Durbin, Blunt, Blumenthal, Coats

Vehicle for Trade Promotion Authority (H.R. 2146)

Senator Durbin: (11:37 AM)

  • Spoke on ObamaCare.
    • "The law's helping seniors with their prescription drugs, as I mentioned earlier, and it's a savings of about $925 a year for each senior in America. So for those who are cheering and hoping that the Supreme Court will somehow derail the Affordable Care Act, my question then is very direct. What do you have to replace it? What will you do to deal with preexisting conditions and denying health insurance? What will you do to make sure that parents can keep their kids under their health insurance plans until the kids reach age 26? What will you do to fill the doughnut hole? What will you do to replace the deficit reduction which the Affordable Care Act has achieved? What will you do in terms of the long-term solvency of Medicare to make up for the 13 years that the Affordable Care Act has purchased? And the answer is they don't have an idea. They just don't like it. They don't like ObamaCare. And they don't want to hear these stories."
  • Spoke on Illinois tornadoes.
    • "I reached out to each of them last night, not surprisingly leaving voicemails. I know they were out and about, but we're there to help them if we can. As so often is the case with disasters like this, first responders, friends and family waste no time helping their neighbors. It isn't just a Midwestern thing, but we're pretty proud of it in the Midwest. I have no doubt that the people in Cole City, Sterling and all the others are going to stand up and help one another clean up, rebuild and get on with their lives. Our thoughts are with the many people today who have lost their homes and other property."

 

Senator Blunt: (12:28 PM)

  • Spoke on Iran.
    • "We are kidding ourselves and most of the world doesn't believe that we could do this either. Turkey and other countries outside of the immediate neighborhood will also want to view nuclear weapons capability as a new status quo in a dangerous world. An agreement that doesn't change the terror threat from Iran, an agreement that doesn't allow inspection for military facilities, an agreement that doesn't disclose past secret research for nuclear weapons, an agreement that doesn't ensure long-term inspections, an agreement that doesn't maintain sanctions in place until important compliance benchmarks are made is not agreement that would be good enough. We are facing a dangerous time. Iran is one of the chief perpetrators of terrorism in the world today. How we have let that country that has one example of bad behavior after another, one example of hatred for Israel after another, one example of contempt for the United States after another, how we have let that country become nuclear capable is amazing to me as it is to the world."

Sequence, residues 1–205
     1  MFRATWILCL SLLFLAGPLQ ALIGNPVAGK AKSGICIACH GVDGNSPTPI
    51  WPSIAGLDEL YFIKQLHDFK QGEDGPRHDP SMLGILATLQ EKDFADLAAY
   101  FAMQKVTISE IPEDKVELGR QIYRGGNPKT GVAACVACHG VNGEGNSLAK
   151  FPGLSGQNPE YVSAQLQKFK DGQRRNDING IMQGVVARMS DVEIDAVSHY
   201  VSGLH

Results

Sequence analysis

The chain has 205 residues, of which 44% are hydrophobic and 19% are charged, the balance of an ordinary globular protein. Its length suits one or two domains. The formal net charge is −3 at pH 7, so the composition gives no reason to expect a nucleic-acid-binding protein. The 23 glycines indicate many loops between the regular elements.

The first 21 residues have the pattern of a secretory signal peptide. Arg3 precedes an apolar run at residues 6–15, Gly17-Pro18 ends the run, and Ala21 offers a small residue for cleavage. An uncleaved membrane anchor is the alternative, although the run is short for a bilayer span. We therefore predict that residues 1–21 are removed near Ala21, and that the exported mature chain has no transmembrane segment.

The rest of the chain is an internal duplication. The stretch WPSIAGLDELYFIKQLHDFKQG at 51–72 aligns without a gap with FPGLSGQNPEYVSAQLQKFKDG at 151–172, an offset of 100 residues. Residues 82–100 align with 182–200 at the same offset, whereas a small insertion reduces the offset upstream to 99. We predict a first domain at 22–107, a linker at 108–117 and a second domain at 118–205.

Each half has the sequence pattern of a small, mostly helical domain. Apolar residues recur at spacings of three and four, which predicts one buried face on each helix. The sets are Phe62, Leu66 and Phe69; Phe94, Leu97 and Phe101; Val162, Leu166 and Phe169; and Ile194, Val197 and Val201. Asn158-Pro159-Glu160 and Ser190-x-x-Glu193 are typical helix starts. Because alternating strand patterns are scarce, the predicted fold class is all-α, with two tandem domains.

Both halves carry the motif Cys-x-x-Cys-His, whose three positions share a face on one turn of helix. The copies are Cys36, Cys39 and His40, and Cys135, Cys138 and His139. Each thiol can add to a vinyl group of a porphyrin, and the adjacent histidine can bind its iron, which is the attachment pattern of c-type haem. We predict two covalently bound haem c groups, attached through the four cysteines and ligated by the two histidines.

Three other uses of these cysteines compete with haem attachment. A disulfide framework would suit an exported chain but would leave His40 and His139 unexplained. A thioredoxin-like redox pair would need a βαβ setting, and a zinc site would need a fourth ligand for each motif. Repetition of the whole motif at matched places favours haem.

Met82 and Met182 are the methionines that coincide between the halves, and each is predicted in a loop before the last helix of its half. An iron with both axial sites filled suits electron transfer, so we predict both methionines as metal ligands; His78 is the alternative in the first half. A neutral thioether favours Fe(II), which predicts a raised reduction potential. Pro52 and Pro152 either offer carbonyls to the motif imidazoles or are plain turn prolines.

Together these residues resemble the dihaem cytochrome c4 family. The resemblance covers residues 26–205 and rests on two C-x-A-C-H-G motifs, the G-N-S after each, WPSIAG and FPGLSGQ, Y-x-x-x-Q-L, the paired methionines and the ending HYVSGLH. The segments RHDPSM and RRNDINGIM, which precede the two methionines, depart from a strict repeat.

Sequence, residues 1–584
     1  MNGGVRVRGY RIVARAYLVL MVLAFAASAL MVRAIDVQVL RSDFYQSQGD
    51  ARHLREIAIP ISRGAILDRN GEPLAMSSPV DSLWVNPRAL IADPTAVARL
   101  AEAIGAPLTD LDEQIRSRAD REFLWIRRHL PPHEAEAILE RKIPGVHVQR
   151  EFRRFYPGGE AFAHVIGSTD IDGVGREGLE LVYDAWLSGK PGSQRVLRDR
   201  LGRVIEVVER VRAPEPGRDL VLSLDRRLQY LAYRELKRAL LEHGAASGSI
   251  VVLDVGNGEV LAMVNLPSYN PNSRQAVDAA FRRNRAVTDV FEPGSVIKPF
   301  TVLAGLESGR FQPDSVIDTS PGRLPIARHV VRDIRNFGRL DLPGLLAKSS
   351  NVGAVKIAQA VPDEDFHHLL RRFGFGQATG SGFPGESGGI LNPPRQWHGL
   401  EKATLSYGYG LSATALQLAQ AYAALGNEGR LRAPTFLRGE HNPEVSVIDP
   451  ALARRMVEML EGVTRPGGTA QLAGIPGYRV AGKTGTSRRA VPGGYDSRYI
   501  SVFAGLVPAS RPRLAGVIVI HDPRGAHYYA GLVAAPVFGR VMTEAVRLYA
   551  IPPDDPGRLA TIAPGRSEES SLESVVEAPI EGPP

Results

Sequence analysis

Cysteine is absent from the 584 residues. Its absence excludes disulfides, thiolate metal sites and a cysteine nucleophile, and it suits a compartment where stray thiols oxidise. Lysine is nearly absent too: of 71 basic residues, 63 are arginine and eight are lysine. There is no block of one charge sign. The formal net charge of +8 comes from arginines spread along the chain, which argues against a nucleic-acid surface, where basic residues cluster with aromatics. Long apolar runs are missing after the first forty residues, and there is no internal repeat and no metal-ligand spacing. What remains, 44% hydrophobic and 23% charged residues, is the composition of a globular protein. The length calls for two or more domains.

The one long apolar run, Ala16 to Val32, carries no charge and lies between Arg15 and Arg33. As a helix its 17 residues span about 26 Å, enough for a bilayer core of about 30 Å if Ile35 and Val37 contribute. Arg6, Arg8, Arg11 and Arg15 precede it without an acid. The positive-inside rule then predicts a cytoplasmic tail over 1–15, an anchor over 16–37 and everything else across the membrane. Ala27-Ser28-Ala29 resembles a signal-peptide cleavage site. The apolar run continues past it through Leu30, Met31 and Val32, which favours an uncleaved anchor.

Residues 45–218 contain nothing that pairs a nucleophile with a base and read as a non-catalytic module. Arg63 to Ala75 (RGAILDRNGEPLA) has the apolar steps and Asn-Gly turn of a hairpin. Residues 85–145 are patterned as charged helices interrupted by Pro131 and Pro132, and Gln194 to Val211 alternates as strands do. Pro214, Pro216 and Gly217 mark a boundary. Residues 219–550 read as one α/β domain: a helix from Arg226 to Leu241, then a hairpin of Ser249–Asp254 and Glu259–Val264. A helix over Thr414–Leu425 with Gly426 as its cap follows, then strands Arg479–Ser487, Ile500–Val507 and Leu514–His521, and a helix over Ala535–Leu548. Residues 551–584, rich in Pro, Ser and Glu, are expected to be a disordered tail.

Senator Blumenthal: (12:43 PM)

  • Spoke on gun violence.
    • "So we are here in a marathon, not a sprint. We are here for the long haul. We're not going away, not giving up, not abandoning this fight, not surrendering to the forces of domestic terrorism or racial hatred or gun violence. We are better than that as a nation. And so, as we leave and go back home for this recess, I hope that we will not only share the grief and pain of those brave and courageous families in South Carolina who were so heroic in the face of evil, but resolve that we will redouble our efforts to raise awareness, to organize people who are of goodwill and want to stop gun violence and who need to be heard because the vast majority of the American people want us to take commonsense, sensible measures to make America safer and better."

 

Senator Coats: (12:58 PM)

  • Spoke on Waste of the Week.
    • "I have joined with a bipartisan group of my colleagues in supporting legislation, the Sugar Reform Act, introduced by Senator Shaheen from New Hampshire that would end the sugar subsidy if we could pass this legislation, it would result in the savings of at least $116 million according to the Congressional Budget Office. So today I add to our chart $116 million of savings that the government can incur, moving our chart ever closer to our goal of $100 billion of savings. We talk about how do we pay for essential programs here, where are we going to get the money, why don't we start here? Why don't we start by eliminating some of these programs - better yet, why don't we let the taxpayer keep their around-earned money than sending it to Washington to pay for waste and abuse that occurs almost on a daily basis here."